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September 25, 2012 | There’s no missing the latest addition to the Mesa Lab lobby. Enter through the front door, turn left, and you’re in the new Weather Gallery—a color-filled space packed with meteorological imagery and hands-on activities. Nearly all of the components are now in place, with an official opening slated for October (see below).
The new gallery is a quantum leap beyond the scattered exhibits that filled the space for years, according to Spark exhibits manager Becca Hatheway. “The old layout felt like a pinball machine,” she says. “It was added on to over the years and never had the opportunity to be planned and thought out.”
After an integrated exhibit on climate was added to the second floor in 2003, Spark planned the same approach to weather on the first floor once budgets allowed. Bond funding associated with ML building improvement made the gallery a reality.
The Weather Gallery softens the hard edges of the long ML hallway with curved panels and other “buildouts”—design features that help shape the exhibit space and root the visitor. “Some staff have told me that they feel embraced,” says Becca. The blue and purple panels are complemented by touches of orange that echo the 1970s-hued mural on the ML lobby’s north side.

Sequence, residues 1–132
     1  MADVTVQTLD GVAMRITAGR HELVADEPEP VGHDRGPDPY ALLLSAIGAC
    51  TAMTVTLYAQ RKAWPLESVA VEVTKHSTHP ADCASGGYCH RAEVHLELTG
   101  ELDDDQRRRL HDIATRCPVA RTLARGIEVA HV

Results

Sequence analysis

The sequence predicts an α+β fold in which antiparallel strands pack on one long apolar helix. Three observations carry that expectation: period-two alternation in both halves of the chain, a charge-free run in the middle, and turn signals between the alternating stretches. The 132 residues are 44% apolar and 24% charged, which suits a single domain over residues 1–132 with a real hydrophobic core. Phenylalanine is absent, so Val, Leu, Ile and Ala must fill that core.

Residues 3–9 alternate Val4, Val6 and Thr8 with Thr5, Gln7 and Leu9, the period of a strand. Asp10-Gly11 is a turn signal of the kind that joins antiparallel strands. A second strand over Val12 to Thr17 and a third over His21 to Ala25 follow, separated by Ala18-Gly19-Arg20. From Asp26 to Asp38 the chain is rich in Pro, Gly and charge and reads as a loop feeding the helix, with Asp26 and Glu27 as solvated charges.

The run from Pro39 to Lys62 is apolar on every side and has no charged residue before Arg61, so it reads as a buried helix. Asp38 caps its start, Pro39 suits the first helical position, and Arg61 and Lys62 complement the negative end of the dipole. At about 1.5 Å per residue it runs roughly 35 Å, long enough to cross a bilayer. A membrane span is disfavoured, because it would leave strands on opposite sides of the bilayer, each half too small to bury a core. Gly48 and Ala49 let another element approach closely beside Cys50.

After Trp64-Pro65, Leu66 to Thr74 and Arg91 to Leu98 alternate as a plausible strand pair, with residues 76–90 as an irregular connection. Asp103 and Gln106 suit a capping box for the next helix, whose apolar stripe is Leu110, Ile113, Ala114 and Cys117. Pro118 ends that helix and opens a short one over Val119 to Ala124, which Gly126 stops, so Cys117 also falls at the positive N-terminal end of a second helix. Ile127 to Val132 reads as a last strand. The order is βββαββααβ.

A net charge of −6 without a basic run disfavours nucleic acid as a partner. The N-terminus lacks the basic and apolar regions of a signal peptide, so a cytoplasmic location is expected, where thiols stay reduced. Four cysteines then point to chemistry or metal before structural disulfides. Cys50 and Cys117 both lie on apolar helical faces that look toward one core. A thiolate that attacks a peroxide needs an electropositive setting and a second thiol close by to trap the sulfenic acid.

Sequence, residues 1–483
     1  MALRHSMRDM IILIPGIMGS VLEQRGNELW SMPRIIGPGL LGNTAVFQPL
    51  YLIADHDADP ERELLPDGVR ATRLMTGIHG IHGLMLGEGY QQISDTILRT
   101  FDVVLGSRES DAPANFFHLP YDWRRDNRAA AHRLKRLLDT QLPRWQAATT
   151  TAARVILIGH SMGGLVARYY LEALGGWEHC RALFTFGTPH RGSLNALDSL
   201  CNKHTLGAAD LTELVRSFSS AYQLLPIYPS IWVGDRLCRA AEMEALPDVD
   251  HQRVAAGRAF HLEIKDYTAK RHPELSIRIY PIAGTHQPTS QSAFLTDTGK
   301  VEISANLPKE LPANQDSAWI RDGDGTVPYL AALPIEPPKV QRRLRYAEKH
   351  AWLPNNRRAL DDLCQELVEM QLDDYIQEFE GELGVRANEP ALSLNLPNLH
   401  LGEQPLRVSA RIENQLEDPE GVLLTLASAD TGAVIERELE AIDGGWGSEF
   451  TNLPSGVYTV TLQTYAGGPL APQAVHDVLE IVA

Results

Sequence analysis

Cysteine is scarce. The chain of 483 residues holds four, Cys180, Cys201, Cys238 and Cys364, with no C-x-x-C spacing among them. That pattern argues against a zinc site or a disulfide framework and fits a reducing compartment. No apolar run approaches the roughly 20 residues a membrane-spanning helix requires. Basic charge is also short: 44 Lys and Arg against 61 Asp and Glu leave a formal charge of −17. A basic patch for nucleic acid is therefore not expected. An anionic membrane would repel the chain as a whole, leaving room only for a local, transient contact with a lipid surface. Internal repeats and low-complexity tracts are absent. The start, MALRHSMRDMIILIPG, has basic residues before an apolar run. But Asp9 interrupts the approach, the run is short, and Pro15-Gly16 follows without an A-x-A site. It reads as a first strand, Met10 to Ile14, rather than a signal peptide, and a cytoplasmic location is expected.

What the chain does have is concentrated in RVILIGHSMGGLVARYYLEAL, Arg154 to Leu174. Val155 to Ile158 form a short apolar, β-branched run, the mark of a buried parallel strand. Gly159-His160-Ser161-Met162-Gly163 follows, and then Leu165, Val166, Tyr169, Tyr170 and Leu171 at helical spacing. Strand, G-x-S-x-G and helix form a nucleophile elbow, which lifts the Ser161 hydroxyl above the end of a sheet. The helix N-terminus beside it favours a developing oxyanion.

The gallery is divided into five sections that flow into one another:
Each gallery has a hands-on exhibit, and four of the five also include touchscreen monitors that allow visitors to delve deeper. One touchscreen will allow people to compare a variety of cloud photos and descriptions to what they’re seeing through windows on the east side of the gallery.
Several of the lobby’s most popular elements over the years have been kept, including the iconic tornado exhibit. And Magic Planet, which displays full-globe visualizations, has been moved to a curtained closet beneath the main ML stairwell, where the darkness will boost its visual appeal.
In the adjoining alcove, Tell Your Weather Story allows visitors to describe and post their own experiences using paper and colored pencils. “I’m excited to have something participatory,” says Becca.
Launched two years ago by Becca’s predecessor, Linda Carbone, the weather gallery benefited from volunteers across the institution who participated in several advisory committees, worked on touchscreen interactives, and contributed photos and other content. EOL pitched in as well, contributing three types of anemometers for display. A Machine Shop team led by Jim Ranson transformed a 1990s prototype of the lobby’s classic make-a-microburst exhibit into an entirely new version. And with Dave Maddy at the helm, Maintenance staff installed several exhibit components, modified electrical outlets, and painted the now-gleaming space.
All staff are invited to join Spark and committee members in toasting the new gallery at a reception from 4:00 to 6:00 p.m. on Wednesday, October 10.